If you have questions about a medical dispute, or any other aspect of a Minnesota work comp claim, feel free to contact me at any time, for an absolutely free consultation. I will always try to answer your questions, give you my honest opinion about whether you need a lawyer and let you know if  there is something I can do to help you. I regularly speak with people who don’t necessarily need a lawyer and I tell them just that.

How much does it cost to hire a lawyer for a work comp claim?   See this post

I hope you have found this information helpful. If you have, please share our website or blog with anyone you know who may have questions about a work comp claim in northern Minnesota.

Thank you for visiting our blog.

Questions to Ask Before You Hire A Lawyer for Your Minnesota Work Comp Case

You‘ve been injured at work.  You are either thinking about filing a claim or have already done so.  Perhaps you are dealing with an insurance company claims adjuster you don’t really trust.  Maybe the insurance company has scheduled you for an independent medical exam (IME), or assigned a QRC to your case.  No matter the reason, you are looking for an attorney who can answer some questions for you and protect your interests, if necessary.

You have looked in the phonebook or done a Google search and found dozens of lawyers and law firms who advertise themselves as work comp lawyers.  Minneapolis.  St. Paul.  Duluth.  The Iron Range.  Who to call?  What questions to ask?

These would be some good questions to ask if you are looking for an experienced attorney to help you with your case:

Do you specialize in work comp cases?  What you really want to know is if the attorney focuses his or her practice primarily on workers’ compensation claims.  You probably don’t want someone who dabbles in work comp, along with divorces, DUIs, wills, real estate, etc.  While a general practice law firm can be very helpful on a number of matters, work comp is a complicated and specialized field of practice.  We develop skills and knowledge about work comp matters only after years of experience with a variety of injury claims.  If work comp is just one of many practice areas an attorney advertises, you may want to look elsewhere.  My practice is limited exclusively to workers’ compensation, injury and Social Security disability matters.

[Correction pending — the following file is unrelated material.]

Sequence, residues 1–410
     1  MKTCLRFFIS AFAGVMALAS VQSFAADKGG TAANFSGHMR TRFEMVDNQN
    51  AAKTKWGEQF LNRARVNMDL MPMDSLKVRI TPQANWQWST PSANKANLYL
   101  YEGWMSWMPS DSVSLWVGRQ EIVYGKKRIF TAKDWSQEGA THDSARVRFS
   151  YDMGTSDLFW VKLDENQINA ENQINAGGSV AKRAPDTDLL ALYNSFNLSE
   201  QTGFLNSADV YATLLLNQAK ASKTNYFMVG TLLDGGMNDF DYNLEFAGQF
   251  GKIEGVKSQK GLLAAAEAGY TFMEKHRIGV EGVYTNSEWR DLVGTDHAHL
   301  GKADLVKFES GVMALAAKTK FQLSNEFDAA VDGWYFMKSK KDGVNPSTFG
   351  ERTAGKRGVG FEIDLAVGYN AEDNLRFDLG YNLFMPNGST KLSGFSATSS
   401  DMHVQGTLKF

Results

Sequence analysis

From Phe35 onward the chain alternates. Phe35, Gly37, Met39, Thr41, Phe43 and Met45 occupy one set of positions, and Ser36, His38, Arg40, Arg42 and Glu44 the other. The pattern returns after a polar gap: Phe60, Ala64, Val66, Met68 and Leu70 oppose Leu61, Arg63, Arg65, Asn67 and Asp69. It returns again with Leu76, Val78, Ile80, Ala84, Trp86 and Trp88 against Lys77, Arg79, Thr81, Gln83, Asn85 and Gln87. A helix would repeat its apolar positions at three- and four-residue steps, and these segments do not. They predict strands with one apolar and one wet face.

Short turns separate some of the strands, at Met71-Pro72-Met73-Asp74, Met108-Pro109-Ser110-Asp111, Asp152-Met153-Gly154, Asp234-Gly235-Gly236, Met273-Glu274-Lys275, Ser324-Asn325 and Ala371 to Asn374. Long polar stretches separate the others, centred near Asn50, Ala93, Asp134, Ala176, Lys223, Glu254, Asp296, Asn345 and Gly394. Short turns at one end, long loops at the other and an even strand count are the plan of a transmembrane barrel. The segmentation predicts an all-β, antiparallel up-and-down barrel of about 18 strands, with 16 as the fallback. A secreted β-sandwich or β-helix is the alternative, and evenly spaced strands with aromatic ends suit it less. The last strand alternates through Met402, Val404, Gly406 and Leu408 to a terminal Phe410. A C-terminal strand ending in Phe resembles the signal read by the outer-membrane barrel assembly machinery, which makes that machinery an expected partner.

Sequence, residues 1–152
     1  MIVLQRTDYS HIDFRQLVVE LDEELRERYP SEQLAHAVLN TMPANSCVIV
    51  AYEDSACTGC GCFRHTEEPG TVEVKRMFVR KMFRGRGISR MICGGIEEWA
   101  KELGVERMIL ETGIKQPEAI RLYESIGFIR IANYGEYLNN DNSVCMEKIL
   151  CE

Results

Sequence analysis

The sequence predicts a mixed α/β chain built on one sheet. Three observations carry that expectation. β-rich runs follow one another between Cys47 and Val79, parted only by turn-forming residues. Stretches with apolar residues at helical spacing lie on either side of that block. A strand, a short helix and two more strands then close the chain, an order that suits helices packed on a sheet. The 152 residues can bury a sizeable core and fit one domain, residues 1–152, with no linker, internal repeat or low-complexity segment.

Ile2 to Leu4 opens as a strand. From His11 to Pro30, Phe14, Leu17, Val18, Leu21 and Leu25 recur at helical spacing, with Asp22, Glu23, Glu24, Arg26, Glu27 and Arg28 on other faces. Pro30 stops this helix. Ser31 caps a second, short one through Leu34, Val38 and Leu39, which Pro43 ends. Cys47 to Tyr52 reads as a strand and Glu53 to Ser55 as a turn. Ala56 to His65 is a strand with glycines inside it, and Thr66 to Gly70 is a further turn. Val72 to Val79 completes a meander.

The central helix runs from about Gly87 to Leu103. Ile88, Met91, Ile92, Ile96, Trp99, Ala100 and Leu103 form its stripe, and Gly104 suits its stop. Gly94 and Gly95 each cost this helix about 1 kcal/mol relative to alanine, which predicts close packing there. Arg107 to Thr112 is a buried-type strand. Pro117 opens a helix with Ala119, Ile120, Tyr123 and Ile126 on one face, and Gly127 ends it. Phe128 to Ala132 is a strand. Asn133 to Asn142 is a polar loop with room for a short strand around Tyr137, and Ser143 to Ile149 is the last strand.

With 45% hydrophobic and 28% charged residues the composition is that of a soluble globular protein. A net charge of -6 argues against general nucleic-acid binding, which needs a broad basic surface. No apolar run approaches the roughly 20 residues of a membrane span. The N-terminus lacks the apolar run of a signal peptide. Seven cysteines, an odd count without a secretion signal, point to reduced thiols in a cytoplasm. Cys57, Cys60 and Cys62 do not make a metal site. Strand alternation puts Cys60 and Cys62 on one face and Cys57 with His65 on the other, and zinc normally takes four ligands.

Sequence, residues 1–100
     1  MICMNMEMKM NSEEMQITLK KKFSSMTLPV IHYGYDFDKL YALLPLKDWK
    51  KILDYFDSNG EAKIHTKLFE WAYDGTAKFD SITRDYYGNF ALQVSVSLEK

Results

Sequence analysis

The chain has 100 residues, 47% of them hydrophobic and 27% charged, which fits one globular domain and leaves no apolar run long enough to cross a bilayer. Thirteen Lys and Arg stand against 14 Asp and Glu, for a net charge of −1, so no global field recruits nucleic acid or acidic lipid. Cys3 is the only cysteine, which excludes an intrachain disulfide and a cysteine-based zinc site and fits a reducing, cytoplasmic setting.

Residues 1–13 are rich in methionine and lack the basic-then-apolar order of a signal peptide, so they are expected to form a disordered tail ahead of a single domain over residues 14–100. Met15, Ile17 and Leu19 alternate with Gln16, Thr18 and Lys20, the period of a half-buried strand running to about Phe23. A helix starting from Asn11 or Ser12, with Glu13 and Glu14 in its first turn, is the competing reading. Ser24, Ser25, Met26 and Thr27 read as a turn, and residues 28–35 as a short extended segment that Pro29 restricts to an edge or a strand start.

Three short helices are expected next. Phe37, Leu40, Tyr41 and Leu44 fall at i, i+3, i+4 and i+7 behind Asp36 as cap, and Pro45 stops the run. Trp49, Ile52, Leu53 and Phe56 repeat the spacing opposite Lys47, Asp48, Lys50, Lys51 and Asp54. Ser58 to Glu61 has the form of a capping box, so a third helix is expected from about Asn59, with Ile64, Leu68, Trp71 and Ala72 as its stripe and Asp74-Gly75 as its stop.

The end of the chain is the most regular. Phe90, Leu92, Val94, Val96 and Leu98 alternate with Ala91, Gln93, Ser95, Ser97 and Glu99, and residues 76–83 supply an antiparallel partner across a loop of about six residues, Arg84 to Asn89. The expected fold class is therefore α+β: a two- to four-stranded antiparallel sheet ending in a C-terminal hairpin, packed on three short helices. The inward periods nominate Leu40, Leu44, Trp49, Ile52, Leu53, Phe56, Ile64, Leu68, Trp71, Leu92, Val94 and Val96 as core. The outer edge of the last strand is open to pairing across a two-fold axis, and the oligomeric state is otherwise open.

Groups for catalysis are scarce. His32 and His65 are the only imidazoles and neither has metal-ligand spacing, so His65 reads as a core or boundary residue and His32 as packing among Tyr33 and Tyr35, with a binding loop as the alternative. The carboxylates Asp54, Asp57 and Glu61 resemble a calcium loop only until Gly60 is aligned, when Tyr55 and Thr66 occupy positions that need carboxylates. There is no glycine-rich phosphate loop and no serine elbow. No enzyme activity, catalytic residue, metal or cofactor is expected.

Have you taken many cases to trial?  There is no substitute for experience.  If an attorney has taken lots of cases to trial over a number of years, you can assume that you are talking to someone with a lot of experience.  Taking cases to trial is important for several reasons.  For one thing, at trials we appear before a variety of different judges and learn what to expect in each judge’s courtroom.  It’s also important to take cases to trial because sometimes that’s the only way to get a fair result.  If the attorney for the insurance company knows that your lawyer will take a case to trial, they are much more likely to make a fair settlement offer.  I’ve been trying work comp cases for my injured clients all across northern Minnesota for over 28 years.